• by mark-t (151149)

      And for the generation who never knew privacy...

      Which generation would that be, exacty?

      • by Catbeller (118204) on Friday January 11, 2013 @08:20PM (#42563625) Homepage

        The current one. And the next one.

        Schools are basically jails, and train kids to accept prison conditions - look at it objectively. Tracking devices in the phones. Recorded calls, recorded messages, emails. Soon, tracking built into the computers in cars, unkillable. Ebooks recorded, times, dates. Anything that flows in packets, recorded. Your movements, recorded, even if you ditch a phone and a car, 'cause cameras will watch you - and listen, too. The cameras and trackers and mics are shrinking, and with zero societal will to stop it, will be everywhere.

        Yes, this generation. It starts in the schools, the acceptance of strip searches, phone tracking, drug searches, notebooks with cameras that watch the student... come on, the new crop of adults have been in jail since they were born, figuratively, and have been trained to accept it.

        The next generation? Just keep exponentially increasing the surveillance, and the acceptance. Police states are not, historically speaking, unwelcome. People trade freedom for safety all the time, always have, if they are scared properly. The few who become bullied and targeted by the people behind the cameras and trackers are not interesting to people. "They" are by definition criminals, anyway.

        I ain't afraid of evil bastards half as much as I am afraid of a population that doesn't understand what freedom actually means, and what they give up to be "safe". They has been zero effective backpush against this era, and it will get worse.

        • Re: (Score:3, Interesting)

          by czth (454384)

          Jails for some, yes - but they were designed to prepare people for working in factories.

          But factory work isn't that much in demand any more - creative work is [sethgodin.com].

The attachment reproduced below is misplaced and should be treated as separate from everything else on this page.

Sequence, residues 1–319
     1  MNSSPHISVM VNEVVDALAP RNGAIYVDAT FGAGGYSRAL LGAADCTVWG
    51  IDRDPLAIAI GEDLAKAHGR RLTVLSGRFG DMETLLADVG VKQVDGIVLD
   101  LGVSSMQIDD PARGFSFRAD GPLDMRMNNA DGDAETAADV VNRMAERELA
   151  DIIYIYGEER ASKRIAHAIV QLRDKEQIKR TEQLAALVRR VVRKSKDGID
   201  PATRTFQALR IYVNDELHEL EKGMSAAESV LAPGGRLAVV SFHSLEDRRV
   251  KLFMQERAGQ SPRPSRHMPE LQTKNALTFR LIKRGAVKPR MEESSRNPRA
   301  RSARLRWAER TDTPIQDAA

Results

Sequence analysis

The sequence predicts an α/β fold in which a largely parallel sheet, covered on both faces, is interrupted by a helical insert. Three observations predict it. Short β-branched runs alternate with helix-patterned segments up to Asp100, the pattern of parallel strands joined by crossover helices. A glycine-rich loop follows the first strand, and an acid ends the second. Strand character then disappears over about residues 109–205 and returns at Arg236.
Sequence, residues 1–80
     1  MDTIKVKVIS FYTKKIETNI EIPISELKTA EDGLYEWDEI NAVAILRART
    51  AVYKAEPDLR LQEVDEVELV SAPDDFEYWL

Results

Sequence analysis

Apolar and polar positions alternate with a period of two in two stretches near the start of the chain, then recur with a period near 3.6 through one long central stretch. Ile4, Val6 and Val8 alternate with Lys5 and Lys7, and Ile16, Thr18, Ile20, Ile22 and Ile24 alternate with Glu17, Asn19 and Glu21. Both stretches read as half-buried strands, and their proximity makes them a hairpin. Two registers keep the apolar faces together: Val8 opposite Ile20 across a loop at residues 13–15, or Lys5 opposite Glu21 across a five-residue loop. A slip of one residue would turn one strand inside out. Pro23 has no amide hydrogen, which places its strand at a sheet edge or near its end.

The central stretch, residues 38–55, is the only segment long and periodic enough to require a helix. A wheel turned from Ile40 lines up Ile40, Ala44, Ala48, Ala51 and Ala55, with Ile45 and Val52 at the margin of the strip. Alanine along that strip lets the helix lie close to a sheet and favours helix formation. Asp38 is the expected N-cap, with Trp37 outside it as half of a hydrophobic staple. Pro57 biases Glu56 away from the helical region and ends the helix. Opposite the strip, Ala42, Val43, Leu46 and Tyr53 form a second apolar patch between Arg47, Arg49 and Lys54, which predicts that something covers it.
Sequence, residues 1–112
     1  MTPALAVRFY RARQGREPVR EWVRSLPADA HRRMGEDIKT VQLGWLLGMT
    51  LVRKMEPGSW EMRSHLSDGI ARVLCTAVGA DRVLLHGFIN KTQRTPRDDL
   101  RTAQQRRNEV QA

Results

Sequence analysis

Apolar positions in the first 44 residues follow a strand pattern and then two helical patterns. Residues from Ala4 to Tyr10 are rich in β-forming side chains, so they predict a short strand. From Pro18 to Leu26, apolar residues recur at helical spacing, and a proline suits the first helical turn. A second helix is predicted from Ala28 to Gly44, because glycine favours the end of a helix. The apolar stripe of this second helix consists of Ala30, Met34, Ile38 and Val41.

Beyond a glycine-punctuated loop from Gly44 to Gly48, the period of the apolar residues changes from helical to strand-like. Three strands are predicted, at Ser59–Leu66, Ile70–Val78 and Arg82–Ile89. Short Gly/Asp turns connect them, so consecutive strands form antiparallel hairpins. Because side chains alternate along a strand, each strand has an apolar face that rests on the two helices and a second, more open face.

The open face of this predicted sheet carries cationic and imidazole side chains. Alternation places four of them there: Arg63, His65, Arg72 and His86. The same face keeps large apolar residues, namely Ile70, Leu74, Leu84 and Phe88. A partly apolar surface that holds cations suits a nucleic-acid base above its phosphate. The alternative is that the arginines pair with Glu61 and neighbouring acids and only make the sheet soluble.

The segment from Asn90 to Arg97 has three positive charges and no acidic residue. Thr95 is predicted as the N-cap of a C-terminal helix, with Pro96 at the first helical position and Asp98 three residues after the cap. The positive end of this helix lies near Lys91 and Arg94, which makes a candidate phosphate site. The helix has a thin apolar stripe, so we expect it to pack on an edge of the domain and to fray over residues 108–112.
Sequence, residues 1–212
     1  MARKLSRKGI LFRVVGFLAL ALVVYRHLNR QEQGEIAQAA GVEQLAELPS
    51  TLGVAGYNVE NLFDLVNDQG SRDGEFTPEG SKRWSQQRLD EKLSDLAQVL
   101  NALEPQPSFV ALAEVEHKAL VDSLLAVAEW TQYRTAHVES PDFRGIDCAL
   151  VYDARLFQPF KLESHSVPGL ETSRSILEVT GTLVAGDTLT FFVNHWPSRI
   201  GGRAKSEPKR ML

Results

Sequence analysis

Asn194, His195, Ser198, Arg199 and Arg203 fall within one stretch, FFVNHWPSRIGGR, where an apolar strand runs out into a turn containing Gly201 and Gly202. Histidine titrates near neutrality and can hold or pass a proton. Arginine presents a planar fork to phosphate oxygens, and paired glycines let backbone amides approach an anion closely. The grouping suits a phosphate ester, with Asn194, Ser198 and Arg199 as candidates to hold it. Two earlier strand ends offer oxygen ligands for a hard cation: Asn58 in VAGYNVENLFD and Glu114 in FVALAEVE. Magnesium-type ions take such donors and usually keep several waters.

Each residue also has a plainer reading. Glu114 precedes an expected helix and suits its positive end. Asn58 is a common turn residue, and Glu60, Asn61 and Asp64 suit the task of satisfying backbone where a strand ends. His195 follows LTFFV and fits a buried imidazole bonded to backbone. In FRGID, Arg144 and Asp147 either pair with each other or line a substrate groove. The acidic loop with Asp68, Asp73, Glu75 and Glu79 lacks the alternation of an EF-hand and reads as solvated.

• Little weasels... (Score:5, Interesting)

    by Anachragnome (1008495) on Friday January 11, 2013 @08:01PM (#42563443)

    Little weasels...

    I noticed that there is no mention of a complete disconnection--leaving the door open for continued billing even though you have an almost useless connection for two weeks. Me thinks Verizon is afraid they will start losing customers permanently if they disconnect them, even for a short time. There is no discussion of a 7th strike, or an 8th...what happens then? You get another two weeks of shit connection. Will they charge you less? Doubtful.

    Make their fears a reality.

    The solution is to drop them the moment they throttle you...and never come back...and NEVER COME BACK. Trust me--when they start seeing ANY loss of revenue, they will rethink this. Verizon is obligated, by law, to act in the best interest of their shareholders--how long do you think shareholders will put up with lost revenue?

    • by mark-t (151149)
      It's a fairly safe bet that there won't be enough people doing what you describe to really make a significant difference.
      • Re:Little weasels... (Score:4, Interesting)

        by Anachragnome (1008495) on Friday January 11, 2013 @08:24PM (#42563659)

        "It's a fairly safe bet that there won't be enough people doing what you describe to really make a significant difference."

        Nice to see some optimism.

        A lot of people said that about SOPA and PIPA, as well. I am willing to bet your opinion on the matter might change if you were to try streaming Netflix over a 256k connection...and knowing that it isn't getting better for two weeks (also realizing that you are still paying full price to Netflix, but not able to access it for two weeks). And then realizing that they are essentially increasing your cost of internet access anywhere from 1000% to 20000% (depending on your previous connection speed). How long do you think you could sit through that before you'd had enough?